Hello. My Name Is Martin — And I'm A Creative Administrator
from the my-story dept
With our CwF + RtB experiment in full swing, we’ve asked some of the participants involved to provide some guest posts, including their thoughts on the experiment itself. Martin Thörnkvist runs the Swedish Record label Songs I Wish I Had Written, who represents Moto Boy, one of the artists involved in our Techdirt Music Club. If you order both the Techdirt Music Club and the Techdirt Book Club before midnight PT, August 3rd, we’ll throw in a free Techdirt hoodie, or a free lunch with Mike Masnick. We asked Martin to write about his experiences with the “new” music world and new music business models:
In 1999 I attended a Ron Sexsmith concert. As always, he did a great performance. He did an amazing cover of Leonard Cohen’s “Hey That’s No Way To Say Goodbye.” The way he introduced made me even more exited: as he played the intro, Ron said, “this is a song I wish I had written.” That’s admiration of somebody else’s art.
Some years before, I had tried to learn play the guitar. I remember one summer in particular I spent way too many hours trying to learn Yellow Submarine. Damn, was I bad. Instead of tearing my hair out while playing guitar, I decided to channel my love for music in another way: I started a web-based fanzine. This was four years before MySpace, and to make it possible for our readers to listen to the obscure indie pop acts (artists like Peter Bjorn and John, Jose Gonzales and Jens Lekman) we wrote about, we started a special webshop for music. Some years later, we got tired of the fanzine, but after some months I missed the webshop bit and started it up again. After a few months, I asked a new band called Eurosport if I could sell their CDs — to which they let me know they didn’t have any! Still, I loved their songs and asked them if they wanted me to print a cover and burn some CDRs, and they agreed. After receiving a threat of being sued, the band changed their name to Le Sport, and the first song they had ever written (and I ever released) turned out to be a summer hit in Sweden. I went with the flow and tried to learn how the music business work. Suddenly, I had a record label. Wihoo.
The name of the label was of course: Songs I Wish I Had Written. The statement I wrote then still pins it down quite well, I think:
“We see this label as a frame that puts pieces of art in the focal point. It’s the art itself that is important; the frame exists as a context which further emphasizes the brilliance of the chosen creations.”
Now, as you can imagine: a guy with no experience and no money had to rely on something other than the traditional ways of doing things. Luckily for me, some years before the label was founded, the internet had become popular — with music fueling much of its progress.
“Hey, what a perfect match,” I thought. My main goal is to spread the music I love, and here’s the most powerful copying machine the world has ever seen at my desktop, free to use. The main reason for the instant success of Le Sport (apart from the great songs) was our way of using free music as a way to market the music. We were sure that the more listeners we got, the more buyers we would get.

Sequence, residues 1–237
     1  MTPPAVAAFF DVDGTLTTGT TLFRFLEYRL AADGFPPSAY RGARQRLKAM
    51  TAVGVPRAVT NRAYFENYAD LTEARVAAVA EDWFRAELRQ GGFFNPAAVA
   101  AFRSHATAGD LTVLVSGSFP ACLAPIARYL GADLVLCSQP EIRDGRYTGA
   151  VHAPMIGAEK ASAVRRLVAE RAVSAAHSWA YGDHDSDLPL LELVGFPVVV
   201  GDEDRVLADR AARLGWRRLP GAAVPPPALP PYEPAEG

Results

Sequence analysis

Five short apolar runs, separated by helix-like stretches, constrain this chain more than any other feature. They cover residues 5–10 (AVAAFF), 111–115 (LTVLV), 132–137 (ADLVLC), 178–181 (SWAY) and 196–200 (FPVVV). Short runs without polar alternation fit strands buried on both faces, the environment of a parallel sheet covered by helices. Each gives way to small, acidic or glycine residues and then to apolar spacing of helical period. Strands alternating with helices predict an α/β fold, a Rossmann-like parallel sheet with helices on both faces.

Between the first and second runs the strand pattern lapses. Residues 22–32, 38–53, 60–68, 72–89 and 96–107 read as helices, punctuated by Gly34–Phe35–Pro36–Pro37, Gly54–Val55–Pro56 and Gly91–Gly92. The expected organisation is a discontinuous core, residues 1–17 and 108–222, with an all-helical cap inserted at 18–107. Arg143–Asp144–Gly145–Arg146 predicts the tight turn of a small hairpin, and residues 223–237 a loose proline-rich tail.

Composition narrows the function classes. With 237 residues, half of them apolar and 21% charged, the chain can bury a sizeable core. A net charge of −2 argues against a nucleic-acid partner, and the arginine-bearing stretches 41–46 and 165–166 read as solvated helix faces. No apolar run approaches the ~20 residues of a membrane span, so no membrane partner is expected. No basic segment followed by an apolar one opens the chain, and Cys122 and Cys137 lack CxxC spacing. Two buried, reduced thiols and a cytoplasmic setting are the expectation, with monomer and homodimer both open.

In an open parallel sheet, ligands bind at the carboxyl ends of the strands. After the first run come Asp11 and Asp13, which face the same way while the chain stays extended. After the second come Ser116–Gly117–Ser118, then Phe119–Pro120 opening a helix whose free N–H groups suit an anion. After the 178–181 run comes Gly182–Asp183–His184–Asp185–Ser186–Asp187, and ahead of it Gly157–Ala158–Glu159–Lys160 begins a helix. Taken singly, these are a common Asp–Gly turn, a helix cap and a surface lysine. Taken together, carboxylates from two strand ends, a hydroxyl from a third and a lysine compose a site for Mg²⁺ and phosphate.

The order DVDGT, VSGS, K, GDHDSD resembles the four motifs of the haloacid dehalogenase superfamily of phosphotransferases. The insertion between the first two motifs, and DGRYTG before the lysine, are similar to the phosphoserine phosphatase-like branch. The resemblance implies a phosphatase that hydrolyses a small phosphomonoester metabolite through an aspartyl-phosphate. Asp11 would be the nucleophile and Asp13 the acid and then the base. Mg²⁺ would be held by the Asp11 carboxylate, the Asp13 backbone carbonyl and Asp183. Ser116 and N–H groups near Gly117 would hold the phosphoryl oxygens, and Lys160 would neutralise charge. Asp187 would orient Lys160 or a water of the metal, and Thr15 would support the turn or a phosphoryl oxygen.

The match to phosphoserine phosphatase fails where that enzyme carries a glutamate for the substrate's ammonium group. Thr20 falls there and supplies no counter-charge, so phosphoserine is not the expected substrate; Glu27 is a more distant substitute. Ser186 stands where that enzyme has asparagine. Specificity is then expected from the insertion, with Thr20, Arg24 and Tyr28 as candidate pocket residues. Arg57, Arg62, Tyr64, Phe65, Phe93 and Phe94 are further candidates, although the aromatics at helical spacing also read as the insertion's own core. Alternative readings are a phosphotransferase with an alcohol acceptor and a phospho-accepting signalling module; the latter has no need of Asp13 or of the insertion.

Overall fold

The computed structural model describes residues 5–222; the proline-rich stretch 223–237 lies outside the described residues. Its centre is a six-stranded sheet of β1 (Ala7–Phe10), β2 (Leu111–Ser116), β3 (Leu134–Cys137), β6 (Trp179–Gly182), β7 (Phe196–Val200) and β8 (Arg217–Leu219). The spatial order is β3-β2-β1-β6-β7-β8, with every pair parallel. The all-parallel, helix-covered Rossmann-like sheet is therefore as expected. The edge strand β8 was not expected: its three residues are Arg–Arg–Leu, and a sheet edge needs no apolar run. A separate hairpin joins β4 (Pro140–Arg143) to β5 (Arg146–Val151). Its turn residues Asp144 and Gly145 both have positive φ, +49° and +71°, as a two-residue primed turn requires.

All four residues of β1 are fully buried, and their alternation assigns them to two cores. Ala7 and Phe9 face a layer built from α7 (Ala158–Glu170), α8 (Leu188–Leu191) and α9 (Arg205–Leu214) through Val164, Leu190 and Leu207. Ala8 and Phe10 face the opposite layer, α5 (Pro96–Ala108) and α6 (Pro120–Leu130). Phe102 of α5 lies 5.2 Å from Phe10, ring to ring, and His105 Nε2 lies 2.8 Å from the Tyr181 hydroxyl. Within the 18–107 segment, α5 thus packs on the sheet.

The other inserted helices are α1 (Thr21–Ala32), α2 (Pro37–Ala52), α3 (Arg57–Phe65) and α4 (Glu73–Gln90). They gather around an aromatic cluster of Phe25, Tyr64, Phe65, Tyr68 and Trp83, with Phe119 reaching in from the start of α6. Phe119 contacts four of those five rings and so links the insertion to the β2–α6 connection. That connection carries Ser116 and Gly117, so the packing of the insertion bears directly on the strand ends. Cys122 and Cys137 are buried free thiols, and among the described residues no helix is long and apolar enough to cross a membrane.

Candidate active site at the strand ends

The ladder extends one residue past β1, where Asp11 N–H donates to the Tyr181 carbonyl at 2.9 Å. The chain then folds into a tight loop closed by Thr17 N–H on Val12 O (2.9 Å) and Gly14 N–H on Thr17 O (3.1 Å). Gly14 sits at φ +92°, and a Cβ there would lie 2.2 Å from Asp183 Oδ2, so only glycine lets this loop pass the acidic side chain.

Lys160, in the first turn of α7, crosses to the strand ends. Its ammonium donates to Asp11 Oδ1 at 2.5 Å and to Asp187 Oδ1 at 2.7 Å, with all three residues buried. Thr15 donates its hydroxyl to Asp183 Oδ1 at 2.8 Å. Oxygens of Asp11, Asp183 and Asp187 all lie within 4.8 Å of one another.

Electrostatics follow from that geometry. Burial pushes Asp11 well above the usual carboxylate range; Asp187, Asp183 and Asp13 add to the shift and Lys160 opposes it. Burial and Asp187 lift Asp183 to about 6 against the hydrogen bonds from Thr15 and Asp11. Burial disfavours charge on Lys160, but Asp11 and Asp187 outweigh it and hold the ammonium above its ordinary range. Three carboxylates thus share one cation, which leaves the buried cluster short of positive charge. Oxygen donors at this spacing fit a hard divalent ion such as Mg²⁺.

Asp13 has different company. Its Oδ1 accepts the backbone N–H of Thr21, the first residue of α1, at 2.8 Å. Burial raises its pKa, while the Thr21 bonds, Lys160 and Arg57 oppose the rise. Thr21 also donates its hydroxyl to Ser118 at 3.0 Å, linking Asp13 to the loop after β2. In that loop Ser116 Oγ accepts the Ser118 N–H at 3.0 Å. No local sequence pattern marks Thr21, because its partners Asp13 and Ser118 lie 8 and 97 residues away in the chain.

I’ve never really felt any need to think about my role in relation to the artist I work with. I have always gone with the flow. But lately, after a variety of in-depth discussions on the future of the music business, I’ve started to think more of my specific role in all of this. I think there is a need for a discussion on the role of middlemen in the music industry. I think that’s because, to me, it’s crucial to make correct (or at least good) decisions on future possibilities and strategies.
In the work of positioning what you offer to your costumers, I think you get a good picture of what contemporary reality looks like. You learn from both the good and bad examples that others are executing in music industry (and other digital content industries). So how could I position myself, where it would be obvious which powerful tools can be used in an inventive way in order to be the best in the world to offer what I need to offer?
The two most important cornerstones I defined for my future work are:
- to make the music I work with available in as many ways my customers want to listen to it and
- help the artist I work with with creative ideas to engage with those listeners.
I would like to coin a new term for the type of modern music professional I see myself as being. I’m hereby dubbing myself as a CA – Creative Administrator.
To explain the admin bit: Most artists I know aren’t even able to keep a calendar! That’s ok, but they surely need help. And so do their fans, who all are wandering around in an all you can eat Mecca. Musicians need an admin and fans require reasons to buy. I need to be creative and always keep an eye (if you have been in the biz longer than me you’ll probably need to keep two — and it probably helps to talk to your kids every day to keep track of what they’re doing) on the reality of what I can and should offer my customers, artists and fans: something they can’t get elsewhere.